According to InvestmentNews, negotiators in the Senate and the House have reached an impasse regarding the fiduciary standard provision found in the financial regulatory reform bill. While the House wants the US Securities and Exchange Commission to impose a universal standard of care that would be applicable to anyone offering personalized investment advice to retail clients, such as investment advisers, insurance agents, and broker-dealers, to reveal conflicts of interests and act in clients’ best interests-the Senate only wants the SEC to examine the issue for a year before proceeding to rulemaking.
According to Securities Fraud Lawyer William Shepherd, “Virtually all advisory professionals have a fiduciary duty to their clients, and brokerage firms claim to be professionals. Having a ‘fiduciary duty’ means professionals cannot put their own interests ahead of their clients. All types of ‘financial advisors’ were considered fiduciaries, until some Wall Street-friendly judges said otherwise. Congress needs to pass a law restating that brokers are fiduciaries. If not, rest assured that Wall Street will use lack of clarification as proof they do not owe an affirmative duty to their own clients.”
While speaking before the Financial Industry Regulatory Authority on May 27, US Deputy Treasury Secretary Neal Wolin says that the White House is strongly in favor of making retail brokers subject to the toughest possible consumer protection while also having them abide by a fiduciary duty. Wolin also says that the Obama Administration wants heightened regulation of credit rating agencies, Volcker rule limits on banks’ proprietary trading activities, and effective resolution authority against failed companies.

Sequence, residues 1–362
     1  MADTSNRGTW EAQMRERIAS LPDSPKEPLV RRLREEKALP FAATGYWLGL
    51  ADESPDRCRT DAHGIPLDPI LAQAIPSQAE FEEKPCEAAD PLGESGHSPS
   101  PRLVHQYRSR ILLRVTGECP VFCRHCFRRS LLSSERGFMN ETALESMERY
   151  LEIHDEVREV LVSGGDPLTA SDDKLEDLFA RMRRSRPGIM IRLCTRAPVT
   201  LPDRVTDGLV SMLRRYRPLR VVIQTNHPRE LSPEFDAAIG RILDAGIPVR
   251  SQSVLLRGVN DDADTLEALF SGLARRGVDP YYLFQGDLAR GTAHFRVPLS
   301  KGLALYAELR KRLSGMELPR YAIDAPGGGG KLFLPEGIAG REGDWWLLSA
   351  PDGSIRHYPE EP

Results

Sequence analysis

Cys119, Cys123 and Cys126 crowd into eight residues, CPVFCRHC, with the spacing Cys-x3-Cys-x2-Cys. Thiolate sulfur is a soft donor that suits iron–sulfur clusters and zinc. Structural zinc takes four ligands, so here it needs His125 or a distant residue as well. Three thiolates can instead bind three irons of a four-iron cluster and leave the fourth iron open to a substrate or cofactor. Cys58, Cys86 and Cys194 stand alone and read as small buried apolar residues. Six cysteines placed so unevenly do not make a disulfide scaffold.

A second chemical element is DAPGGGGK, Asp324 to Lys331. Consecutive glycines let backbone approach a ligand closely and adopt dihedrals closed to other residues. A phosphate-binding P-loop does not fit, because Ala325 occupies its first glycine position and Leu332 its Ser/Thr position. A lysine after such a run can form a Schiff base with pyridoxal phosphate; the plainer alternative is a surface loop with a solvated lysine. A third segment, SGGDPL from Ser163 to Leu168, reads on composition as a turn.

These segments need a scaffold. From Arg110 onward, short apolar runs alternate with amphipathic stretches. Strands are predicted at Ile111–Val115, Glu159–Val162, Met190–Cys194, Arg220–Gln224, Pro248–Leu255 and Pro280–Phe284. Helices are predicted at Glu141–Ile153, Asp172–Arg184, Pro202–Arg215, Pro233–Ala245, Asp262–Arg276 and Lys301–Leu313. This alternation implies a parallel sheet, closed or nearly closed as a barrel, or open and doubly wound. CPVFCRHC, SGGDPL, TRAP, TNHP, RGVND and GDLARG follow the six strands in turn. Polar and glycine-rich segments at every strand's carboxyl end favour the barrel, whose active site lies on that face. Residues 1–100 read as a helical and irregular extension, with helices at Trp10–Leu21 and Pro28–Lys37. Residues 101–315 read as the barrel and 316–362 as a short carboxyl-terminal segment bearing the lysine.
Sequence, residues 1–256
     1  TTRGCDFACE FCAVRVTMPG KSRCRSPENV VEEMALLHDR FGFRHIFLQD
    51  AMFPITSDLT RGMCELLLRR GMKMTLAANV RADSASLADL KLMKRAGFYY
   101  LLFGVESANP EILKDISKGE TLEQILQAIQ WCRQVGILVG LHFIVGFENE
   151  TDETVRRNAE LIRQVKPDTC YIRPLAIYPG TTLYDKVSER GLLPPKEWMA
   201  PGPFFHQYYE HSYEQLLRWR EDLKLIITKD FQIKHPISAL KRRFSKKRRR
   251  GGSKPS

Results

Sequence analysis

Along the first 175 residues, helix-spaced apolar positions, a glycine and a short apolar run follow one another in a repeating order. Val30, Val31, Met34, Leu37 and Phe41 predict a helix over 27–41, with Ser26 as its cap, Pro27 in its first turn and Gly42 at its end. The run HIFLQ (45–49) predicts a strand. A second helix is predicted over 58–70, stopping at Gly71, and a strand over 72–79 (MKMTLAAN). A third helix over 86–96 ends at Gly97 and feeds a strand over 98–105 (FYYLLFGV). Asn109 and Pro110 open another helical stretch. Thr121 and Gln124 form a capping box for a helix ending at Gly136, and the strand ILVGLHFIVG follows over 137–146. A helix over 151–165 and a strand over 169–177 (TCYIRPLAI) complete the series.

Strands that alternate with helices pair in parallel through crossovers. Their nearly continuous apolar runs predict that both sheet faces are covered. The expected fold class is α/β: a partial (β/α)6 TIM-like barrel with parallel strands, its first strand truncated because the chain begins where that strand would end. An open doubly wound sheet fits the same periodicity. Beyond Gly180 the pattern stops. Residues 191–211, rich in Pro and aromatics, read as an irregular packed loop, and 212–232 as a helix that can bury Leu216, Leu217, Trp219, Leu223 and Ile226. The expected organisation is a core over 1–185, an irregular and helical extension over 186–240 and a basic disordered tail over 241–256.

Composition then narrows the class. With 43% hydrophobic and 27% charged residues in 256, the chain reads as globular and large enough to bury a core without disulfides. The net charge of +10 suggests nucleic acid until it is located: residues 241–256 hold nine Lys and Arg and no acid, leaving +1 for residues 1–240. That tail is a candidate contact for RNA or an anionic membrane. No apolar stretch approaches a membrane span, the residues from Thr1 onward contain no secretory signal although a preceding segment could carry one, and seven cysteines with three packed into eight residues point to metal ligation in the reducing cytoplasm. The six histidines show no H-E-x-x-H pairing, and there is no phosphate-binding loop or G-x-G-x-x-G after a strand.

Stockbroker Fraud Attorney Shepherd says “It is preposterous to even say that stockbrokers are not fiduciaries. The law (Investment Advisors Act of 1940) says that those who advise clients regarding securities are held to a fiduciary standard. Meanwhile, stockbrokers insist they are not just order takers – which people pay $8.00 to get online – but are instead ‘advisors,’ ‘financial consultants,’ etc. who can charge 10 to 100 times what online trades cost. Wall Street wants to make the big bucks, but not have any duties to their clients. It’s simple as that.”
Related Web Resources:
House-Senate negotiators hit impasse on fiduciary standard, InvestmentNews, June 17, 2010
Treasury’s Wolin Vows Fight for Broker Fiduciary Duty in Reform Law, Investment Advisor, May 27, 2010
Financial Regulatory Reform, New York Times, June 15, 2010
If you lost your investment because of broker misconduct, contact Shepherd Smith Edwards & Kantas LTD LLP today.